Ideal Bread — Beating the Teens: Songs of Steve Lacy
(Cuneiform Rune 386-387, 2014, 2CD)
by Jon Davis, Published 2014-11-17I'll admit to having only a little familiarity with Steve Lacy's music. I've heard a few albums, and liked what I heard, but his massive discography (both as leader and with Mal Waldron and others) is a vast mostly unexplored territory — Discogs.com lists 116 albums. But though Ideal Bread has taken covering Lacy's music as their raison d'être, intimate familiarity with the originals isn't necessary to listen to or enjoy these interpretations, some of which stray pretty far from the source material (according to the liner notes — as I said, I haven't heard much of it). The group's instrumentation consists of baritone sax (Josh Sinton), cornet (Kirk Knuffke), bass (Adam Hopkins), and drums (Tomas Fujiwara) — notice the lack of a soprano sax, which was Lacy's tool of choice. The absence of a chordal instrument like piano or guitar lends an openness to the arrangements that's refreshing. To be honest, I get a little tired of hearing a pianist comp on the changes behind a solo. That has been done for decades and I'm ready to move on. But that's beside the point for Ideal Bread. This double-CD release contains a total of 30 tracks, mostly short, with only three stretching beyond six minutes, ranging from sparse, scattered freakouts that sound totally improvised, to grooving tunes with more standard structure. You get a catchy, slinky groove on "Wish," followed by quiet atmospheric tones on "Lesson," then a sparse period of air-blowing leading into "The Wire." And so it goes. Listeners familiar with adventurous jazz shouldn't have much trouble enjoying most of Beating the Teens, and if a track comes along that doesn't grab you, just wait a couple minutes and they'll be on to something new. At over two hours in length, you're probably not going to sit down and take in the whole thing at once, but it's great stuff to visit in little chunks a few tracks at a time. All four players are great at what they do, and Sinton's arrangements keep it all interesting.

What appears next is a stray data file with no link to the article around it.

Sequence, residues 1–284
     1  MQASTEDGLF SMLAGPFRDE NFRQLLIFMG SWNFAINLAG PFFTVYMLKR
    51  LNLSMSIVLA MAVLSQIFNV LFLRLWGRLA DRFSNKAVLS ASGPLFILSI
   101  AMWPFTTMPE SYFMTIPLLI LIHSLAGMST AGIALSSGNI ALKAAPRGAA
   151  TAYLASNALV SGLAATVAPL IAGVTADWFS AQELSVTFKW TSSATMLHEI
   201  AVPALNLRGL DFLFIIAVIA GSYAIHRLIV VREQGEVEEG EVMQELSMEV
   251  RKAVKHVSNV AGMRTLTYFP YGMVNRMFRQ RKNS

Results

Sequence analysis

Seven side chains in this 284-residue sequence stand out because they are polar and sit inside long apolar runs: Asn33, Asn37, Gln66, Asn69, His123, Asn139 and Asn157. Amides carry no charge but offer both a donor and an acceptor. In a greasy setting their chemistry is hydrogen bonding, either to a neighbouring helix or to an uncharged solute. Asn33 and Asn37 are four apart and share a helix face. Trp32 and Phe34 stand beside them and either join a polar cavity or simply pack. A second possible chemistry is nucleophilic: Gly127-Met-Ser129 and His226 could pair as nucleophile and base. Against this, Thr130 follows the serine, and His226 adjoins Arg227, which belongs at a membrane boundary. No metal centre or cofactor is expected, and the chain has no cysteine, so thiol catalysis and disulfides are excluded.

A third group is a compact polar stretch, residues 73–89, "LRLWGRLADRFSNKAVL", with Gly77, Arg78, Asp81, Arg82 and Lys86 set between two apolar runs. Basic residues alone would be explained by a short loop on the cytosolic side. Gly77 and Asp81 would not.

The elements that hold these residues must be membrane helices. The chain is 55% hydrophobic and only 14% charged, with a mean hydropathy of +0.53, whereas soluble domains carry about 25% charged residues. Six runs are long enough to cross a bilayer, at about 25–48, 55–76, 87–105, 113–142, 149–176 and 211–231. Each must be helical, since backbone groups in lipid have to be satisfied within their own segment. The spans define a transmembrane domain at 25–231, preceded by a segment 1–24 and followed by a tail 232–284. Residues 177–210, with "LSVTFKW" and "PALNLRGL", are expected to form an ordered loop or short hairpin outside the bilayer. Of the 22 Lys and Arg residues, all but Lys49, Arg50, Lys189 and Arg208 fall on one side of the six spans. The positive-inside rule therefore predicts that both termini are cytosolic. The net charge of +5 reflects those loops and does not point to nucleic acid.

Related artist(s): Ideal Bread
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